The groundswell of mass protest calling for justice following the murder of George Floyd was estimated to be the largest since the civil rights protests of 1968. While the calls for justice focused on the prosecution of the individuals responsible for Mr. Floyd’s death, social justice activists also called for more than individual accountability of the police officers. The movement is calling for fundamental change to the racialized system of justice legitimizing state violence against African Americans. NIWRC released our statement refusing to accept the death of George Floyd at the hands of police as ‘normal.’
Indigenous peoples, specifically women, have, for centuries, suffered genocide legitimized under U.S. federal law and policies. The theft of Tribal lands and resources, massacres of women and children, criminalization of Indigenous spirituality, forced removal of children to government boarding schools, were ‘normalized’ as necessary government actions against Indigenous peoples and their Nations. NIWRC stands firmly grounded against violence and oppression in all forms—police brutality included. We stand in solidarity with our Black relatives in calling for justice for our brother George Floyd.
Like police murders of African Americans, violence against Native women also rests on a social tolerance for such killings, and a legal system developed over time to legitimize such government actions. In 2009, the ‘Apology to Native Peoples’ by Congress recognized the years of official depredations, ill-conceived policies, and the breaking of covenants by the Federal Government regarding Indian tribes; and apologized for the many instances of violence, maltreatment, and neglect inflicted on Native Peoples. In 2009, Congress also acknowledged and apologized to African-Americans for the fundamental injustice, cruelty, brutality, and inhumanity of slavery and Jim Crow laws. The justice system and infrastructures by which it operates systemically allows such violence to continue over time.
The ongoing crisis of missing and murdered Indigenous women (MMIW) is one example of such social tolerance. Normalization of the spectrum of violence committed against Native women as a population is the cultural foundation of this ongoing violence.
“Bad people commit these horrible crimes against Native women, but it is the system that allows it to happen generation after generation.”—Malinda Limberhand, Mother of Hanna Harris, murdered on the Northern Cheyenne Reservation in 2013.
The disparities in access to safety and justice extend to all aspects of life—social, economic, and political. COVID-19 was one more demonstration of the reality that not all people, not all communities are equal. NIWRC, like other advocacy organizations, understood the dangers of this new reality on victims of domestic violence and sexual violence. As a social justice movement, we faced a new challenge—how to safeguard victims of abuse who are locked down in the same living space as their abusers 24/7. Shelter-in-place orders confining victims to shared space with abusers increase the potential for physical and emotional abuse. Such orders also limit their access to a network of support victims rely on, including advocates, but also friends and family members who provide support.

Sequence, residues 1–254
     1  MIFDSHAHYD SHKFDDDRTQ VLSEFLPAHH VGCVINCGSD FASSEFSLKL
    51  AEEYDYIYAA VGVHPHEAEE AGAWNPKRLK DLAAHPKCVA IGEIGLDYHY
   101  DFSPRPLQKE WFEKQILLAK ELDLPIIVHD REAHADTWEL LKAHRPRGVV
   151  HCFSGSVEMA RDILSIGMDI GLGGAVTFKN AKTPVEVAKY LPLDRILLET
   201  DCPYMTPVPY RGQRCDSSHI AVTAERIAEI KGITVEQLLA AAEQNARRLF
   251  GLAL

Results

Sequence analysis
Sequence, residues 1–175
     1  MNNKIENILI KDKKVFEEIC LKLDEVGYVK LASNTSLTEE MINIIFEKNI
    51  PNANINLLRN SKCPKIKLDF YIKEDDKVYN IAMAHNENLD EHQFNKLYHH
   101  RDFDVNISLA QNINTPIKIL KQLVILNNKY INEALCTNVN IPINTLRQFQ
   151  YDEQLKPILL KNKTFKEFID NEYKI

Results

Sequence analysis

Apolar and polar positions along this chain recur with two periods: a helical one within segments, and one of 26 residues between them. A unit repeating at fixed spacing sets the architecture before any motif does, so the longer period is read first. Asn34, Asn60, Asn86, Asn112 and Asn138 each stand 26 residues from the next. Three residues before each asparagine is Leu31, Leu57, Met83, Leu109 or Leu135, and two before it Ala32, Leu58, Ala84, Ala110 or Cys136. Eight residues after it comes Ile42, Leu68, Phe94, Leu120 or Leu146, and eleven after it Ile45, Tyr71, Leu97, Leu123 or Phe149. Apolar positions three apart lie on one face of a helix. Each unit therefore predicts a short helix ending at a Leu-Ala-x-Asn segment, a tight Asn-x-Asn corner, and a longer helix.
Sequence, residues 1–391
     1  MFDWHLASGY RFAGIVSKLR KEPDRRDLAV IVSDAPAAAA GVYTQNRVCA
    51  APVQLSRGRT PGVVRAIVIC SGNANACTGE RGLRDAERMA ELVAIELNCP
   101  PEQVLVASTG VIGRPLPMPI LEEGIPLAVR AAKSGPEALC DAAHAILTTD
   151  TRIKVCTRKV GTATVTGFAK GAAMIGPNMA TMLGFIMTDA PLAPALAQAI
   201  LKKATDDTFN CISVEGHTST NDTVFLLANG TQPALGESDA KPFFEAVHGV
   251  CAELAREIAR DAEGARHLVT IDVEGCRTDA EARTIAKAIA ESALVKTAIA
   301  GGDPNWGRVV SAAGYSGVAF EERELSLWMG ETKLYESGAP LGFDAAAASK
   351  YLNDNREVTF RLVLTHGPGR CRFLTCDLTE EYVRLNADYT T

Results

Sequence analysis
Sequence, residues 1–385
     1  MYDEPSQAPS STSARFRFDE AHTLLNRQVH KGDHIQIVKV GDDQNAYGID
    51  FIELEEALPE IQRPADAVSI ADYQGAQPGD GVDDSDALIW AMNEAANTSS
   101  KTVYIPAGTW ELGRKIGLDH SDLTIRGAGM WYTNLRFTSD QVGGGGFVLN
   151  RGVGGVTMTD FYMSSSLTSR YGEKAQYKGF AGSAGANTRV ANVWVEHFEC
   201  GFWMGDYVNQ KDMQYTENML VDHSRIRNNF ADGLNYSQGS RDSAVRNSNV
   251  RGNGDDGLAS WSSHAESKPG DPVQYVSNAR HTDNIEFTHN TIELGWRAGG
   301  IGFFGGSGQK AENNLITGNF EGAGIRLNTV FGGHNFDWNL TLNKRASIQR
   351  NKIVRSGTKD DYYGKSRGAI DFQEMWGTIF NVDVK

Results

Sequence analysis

“It’s like a double whammy. All the inequities we know of, layered with a virus that thrives on such living conditions of no running water, lack of available housing, and healthcare.”—Elizabeth Carr, Senior Native Affairs Advisor for NIWRC.
Across Tribal communities, service providers and Tribal governments worked creatively to meet these challenges. NIWRC, joined with our sister organizations to take action on a national policy level to support Indian tribes in accessing federal resources for Tribal services. Fortunately, the hard work of the last twenty years has raised the country’s awareness to understand advocates as essential workers.
Confronted by the ongoing crisis of missing and murdered Indigenous women and murders such as George Floyd, it is clear that change must reach farther than individual accountability to include fundamental changes to the underlying system. The legal reforms must go hand-in-hand with cultural re-education of the truth of American history.
In 2020, NIWRC will continue to advocate for legal reform through efforts to reauthorize the Violence Against Women Act to include foundational changes such as restoring criminal authority over non-Indian committing violence against Native women. The success of these reform efforts is tied to increased awareness of violence against Native women. On May 5, 2020—the 4th National Day of Awareness for Missing and Murdered Indigenous Women—24.5 million people were reached through our campaign via our unique hashtag, #MMIWGActionNow. The 2020 National Day of Awareness is one example of national actions to increase awareness we must organize.
As we look ahead to what many predict as a long summer, we have the opportunity to create the changes needed for social justice to be achieved. While holding individuals accountable, we can and must reach beyond the surface of individual acts of violence to understand and change the system of governance that allows such violence to continue systemically.
Jacqueline “Jax” Agtuca
Editor, Restoration of Native Sovereignty and Safety for Native Women Magazine